\r\n","bodyAsHTML":"

\r\nI define the end-game as everything between “feature-complete” and\r\nrelease. After all features are complete, the primary activities are\r\nintegration, bug-fixing, testing, and, documentation.

(Note: This is the final part of the Software Rhythm series, the other parts being Software Rhythm Part 1: The Opening and Software Rhythm Part 2: Mid-Game.)

Generally, you want to be doing all of these activities throughout\r\nthe release so that you avoid a big-bang integration at the end.\r\nHowever, releases are date-driven and your goal is always to satisfy\r\nthe business by putting as much value as possible into the release.\r\nThis inevitably means that you will be finishing several features at\r\nthe end of the development, especially the most important and riskiest\r\nlong-pole items.

\r\n

Thus, there is always integration work to be done at this point. As\r\nmuch as possible, you want to manage the risk of this end release\r\nintegration. If at all possible, it’s recommended to develop and test\r\nbig features in isolated branches so that you can manage the individual\r\nfeature risk (by deciding not to integrate). However, you then incur\r\nthat risk all at once at integration time and integrating multiple big\r\nfeatures at the same time compounds that risk.

\r\n

Testing

\r\n

You should be testing throughout the release, but generally once\r\nthings are considered “feature complete” the test team can start\r\nofficially doing verification activities. There are many kinds of\r\ntesting and my best advice is to not put all your eggs in any one\r\nbasket. [Note that I’m not including unit testing here as that must\r\noccur as part of development and thus should already be done.]

\r\n

You should use a mix of testing techniques and extract the 80/20\r\nfrom all of them. That means doing acceptance testing based on use\r\ncases, focused functional testing, interface testing, performance\r\ntesting, stress testing, exploratory testing, regression testing, etc.

\r\n

Pay attention to where you find bugs. If hot spots appear, focus on\r\nthe hot spots as you’ve likely found a problem area. As you develop new\r\ntests, record them for future regression testing. This builds a suite\r\nof tests that over time can be used strategically to fully test the\r\nproduct.

\r\n

Bug Barbecue

\r\n

As you test, you will inevitably find bugs. The more you test, the\r\nmore bugs you will find. This is good - you want to collect as many of\r\nthese bugs as you can possibly find.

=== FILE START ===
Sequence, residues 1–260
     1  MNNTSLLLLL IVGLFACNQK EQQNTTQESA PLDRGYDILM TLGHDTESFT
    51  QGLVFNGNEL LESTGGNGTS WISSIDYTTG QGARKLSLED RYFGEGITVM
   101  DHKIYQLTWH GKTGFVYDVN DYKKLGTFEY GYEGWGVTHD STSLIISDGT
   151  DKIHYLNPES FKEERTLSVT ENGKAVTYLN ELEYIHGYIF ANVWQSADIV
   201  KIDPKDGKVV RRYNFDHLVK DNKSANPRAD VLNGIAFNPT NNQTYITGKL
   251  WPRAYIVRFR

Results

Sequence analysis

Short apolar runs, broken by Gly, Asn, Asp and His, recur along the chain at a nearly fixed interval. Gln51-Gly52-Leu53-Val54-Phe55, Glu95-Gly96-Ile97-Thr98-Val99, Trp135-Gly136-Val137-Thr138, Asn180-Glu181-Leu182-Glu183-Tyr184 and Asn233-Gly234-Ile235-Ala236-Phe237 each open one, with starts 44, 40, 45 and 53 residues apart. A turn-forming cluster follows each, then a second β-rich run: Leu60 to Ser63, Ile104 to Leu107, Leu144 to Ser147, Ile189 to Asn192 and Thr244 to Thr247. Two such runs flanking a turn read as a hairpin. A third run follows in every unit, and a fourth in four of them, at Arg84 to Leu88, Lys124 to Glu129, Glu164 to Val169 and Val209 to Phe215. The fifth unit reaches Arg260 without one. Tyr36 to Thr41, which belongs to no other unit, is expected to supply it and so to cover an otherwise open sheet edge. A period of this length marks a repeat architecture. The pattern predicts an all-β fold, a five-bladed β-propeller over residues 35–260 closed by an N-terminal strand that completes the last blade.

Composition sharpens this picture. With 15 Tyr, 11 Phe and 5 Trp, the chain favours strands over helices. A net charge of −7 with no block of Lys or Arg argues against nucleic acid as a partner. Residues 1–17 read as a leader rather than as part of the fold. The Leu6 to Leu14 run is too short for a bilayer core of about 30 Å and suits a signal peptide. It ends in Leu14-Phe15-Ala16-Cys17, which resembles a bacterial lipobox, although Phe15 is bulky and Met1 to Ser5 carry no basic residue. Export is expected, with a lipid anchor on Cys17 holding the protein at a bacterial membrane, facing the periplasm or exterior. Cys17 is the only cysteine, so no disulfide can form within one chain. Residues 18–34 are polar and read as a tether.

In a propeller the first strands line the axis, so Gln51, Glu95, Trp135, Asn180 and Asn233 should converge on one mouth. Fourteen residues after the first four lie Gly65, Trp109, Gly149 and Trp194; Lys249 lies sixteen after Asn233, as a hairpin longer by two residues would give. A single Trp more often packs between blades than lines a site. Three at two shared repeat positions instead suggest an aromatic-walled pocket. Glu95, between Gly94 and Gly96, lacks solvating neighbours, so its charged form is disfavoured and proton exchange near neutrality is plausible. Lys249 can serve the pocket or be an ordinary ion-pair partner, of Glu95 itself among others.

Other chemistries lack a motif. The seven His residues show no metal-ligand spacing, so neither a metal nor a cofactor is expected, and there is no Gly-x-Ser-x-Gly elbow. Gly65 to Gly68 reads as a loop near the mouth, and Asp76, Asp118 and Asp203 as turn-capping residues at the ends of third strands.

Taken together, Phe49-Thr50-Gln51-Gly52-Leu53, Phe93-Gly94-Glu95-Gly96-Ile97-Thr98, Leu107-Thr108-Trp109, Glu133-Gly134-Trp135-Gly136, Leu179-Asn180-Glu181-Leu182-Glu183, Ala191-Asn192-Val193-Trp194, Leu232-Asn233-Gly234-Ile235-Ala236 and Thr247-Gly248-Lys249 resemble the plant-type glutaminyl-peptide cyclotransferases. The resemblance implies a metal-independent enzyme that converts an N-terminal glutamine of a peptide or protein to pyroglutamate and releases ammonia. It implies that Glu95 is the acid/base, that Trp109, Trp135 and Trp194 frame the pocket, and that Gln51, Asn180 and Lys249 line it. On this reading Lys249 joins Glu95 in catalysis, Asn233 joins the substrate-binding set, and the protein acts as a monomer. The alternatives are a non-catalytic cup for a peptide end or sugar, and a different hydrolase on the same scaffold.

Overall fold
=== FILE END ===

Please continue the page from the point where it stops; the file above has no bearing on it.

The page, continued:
\r\n

I suspect it would seem weird to most people outside the software\r\nworld to know that we release products with hundreds or thousands of\r\nknown issues but it happens in many or maybe most projects today. This\r\nused to bother me a lot, but I’ve come to accept it as simply the the\r\nstate of the world.

\r\n
\r\n

It’s not that we can’t find and fix those problems - it’s rather\r\nthat the cost of doing so is not worth it. Every day we use a stack of\r\nsoftware on every device we have where every layer of the stack from\r\nhardware up to a web app on a browser is full of bugs. Yet, this\r\ndoesn’t impede our productivity much. If that software was literally\r\nbug free, it might cost 10x or 100x as much to make and then people\r\nwouldn’t use it at all, so would derive no value from it. That’s not to\r\nsay there isn’t vast room for improvement of course.

\r\n

I’ve come to see the art of issue management as figuring out which\r\nbugs should be fixed. To do this, you want the widest possible input\r\nchannel - all the bugs you can find. You then need to really manage\r\nthat stream of bugs, just like a product manager manages a stream of\r\nfeature requests. Managing means regularly having a key group of\r\ndecision makers sit down, review all new issues and any important\r\nupdates and make decisions. Regularly means at minimum once a week and\r\nideally every single day.

\r\n

This applies not just during the end-game, but all the time. Even\r\nduring the Opening and the Mid-game, older releases experience problems\r\nor bugs are found while developing new features or doing maintenance on\r\nold ones. But during the End-game, managing those bugs rules what the\r\ndev team does, so must be given priority.

\r\n